An 85-year-old woman from Cleveland has gone missing from her home. Police said that the woman is suffering from Alzheimer's disease. Harriet Banks was last seen driving away from her home on Empire Avenue near St. Clair Avenue, police said, adding that she is considered endangered. Banks was last seen driving a purple Kia Forte with an Ohio vanity license plate that reads "HPRUPLE." Police gave Banks' details saying she is 5-foot-1-inch and 115 pounds.
Toronto: A team of scientists, including one of an Indian-origin, has successfully trained a new Artificial Intelligence (AI) algorithm that may soon help doctors to make accurate predictions regarding cognitive decline leading to Alzheimer's disease and provide intervention. The team, from the McGill University in Canada, designed an algorithm that learns signatures from magnetic resonance imaging (MRI), genetics, and clinical data. This specific algorithm can help predict whether an individual's cognitive faculties are likely to deteriorate towards Alzheimer's in the next five years. "At the moment, there are limited ways to treat Alzheimer's and the best evidence we have is for prevention. Our AI methodology could have significant implications as a'doctor's assistant' that would help stream people onto the right pathway for treatment," Mallar Chakravarty, assistant professor at the University's Department of Psychiatry.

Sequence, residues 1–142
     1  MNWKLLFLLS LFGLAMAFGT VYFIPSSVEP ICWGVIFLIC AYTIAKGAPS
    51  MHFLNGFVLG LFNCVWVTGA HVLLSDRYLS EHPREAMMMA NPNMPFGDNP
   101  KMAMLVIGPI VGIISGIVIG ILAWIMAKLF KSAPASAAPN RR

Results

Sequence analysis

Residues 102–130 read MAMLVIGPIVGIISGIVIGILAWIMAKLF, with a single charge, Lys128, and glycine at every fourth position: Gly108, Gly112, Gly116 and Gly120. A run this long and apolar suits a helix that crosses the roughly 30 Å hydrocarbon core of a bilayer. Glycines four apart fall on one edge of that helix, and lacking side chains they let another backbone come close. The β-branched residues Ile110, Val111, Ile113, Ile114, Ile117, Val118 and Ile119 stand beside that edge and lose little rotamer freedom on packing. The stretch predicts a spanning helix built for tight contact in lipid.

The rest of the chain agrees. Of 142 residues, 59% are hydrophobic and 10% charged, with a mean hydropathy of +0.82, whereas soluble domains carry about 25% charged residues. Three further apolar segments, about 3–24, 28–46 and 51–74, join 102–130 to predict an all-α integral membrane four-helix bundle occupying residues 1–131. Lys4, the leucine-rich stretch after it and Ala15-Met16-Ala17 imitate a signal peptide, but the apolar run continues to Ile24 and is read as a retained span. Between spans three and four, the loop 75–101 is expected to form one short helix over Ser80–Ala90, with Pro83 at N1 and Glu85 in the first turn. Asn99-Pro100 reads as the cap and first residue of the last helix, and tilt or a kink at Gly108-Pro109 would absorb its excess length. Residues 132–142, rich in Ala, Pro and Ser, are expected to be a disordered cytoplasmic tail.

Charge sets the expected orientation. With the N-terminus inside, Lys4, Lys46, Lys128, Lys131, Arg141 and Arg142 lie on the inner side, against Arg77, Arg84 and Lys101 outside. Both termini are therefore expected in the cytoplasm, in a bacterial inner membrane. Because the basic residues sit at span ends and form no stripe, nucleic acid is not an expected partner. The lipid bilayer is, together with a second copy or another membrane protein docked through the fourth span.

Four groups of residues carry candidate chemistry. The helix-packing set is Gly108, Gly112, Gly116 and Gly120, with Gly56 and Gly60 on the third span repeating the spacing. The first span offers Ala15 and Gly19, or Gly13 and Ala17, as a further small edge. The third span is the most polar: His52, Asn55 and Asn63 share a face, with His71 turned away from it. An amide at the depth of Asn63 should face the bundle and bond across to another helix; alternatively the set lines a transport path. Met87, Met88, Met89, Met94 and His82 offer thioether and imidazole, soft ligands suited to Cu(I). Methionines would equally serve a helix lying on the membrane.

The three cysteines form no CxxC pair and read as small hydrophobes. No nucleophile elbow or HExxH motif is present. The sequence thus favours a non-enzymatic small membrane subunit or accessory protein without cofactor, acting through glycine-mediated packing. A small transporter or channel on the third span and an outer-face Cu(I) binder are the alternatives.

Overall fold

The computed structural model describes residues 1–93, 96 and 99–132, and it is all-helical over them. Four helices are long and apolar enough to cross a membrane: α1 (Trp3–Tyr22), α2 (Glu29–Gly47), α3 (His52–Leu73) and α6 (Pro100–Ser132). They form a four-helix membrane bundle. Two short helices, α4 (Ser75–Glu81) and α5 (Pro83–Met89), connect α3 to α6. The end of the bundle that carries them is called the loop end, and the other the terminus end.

Researchers have developed software that detects Alzheimer's using artificial intelligence (AI) at 95% accuracy. Stevens Institute of Technology researchers have developed software that detects subtle changes in Alzheimer's patients' languages. Also, it can explain the diagnosis and allows physicians to re-check the findings. "This is a real breakthrough," said Stevens Institute of Technology lead researcher K.P. Subbalakshmi adding that we are "opening an exciting new field of research." Subbalakshmi is the founding director of the Stevens Institute of Artificial Intelligence as well as an electrical and computer engineering professor at the Charles V. Schaeffer School of Engineering.
The statistics on women and Alzheimer's disease are startling. Every 66 seconds someone in the U.S. develops Alzheimer's. Two-thirds are women, according to the Alzheimer's Assn. Women in their 60s are more than twice as likely to develop Alzheimer's over the course of their lives as they are to develop breast cancer. Once women develop mild cognitive impairment, their cognitive decline is two times faster than men.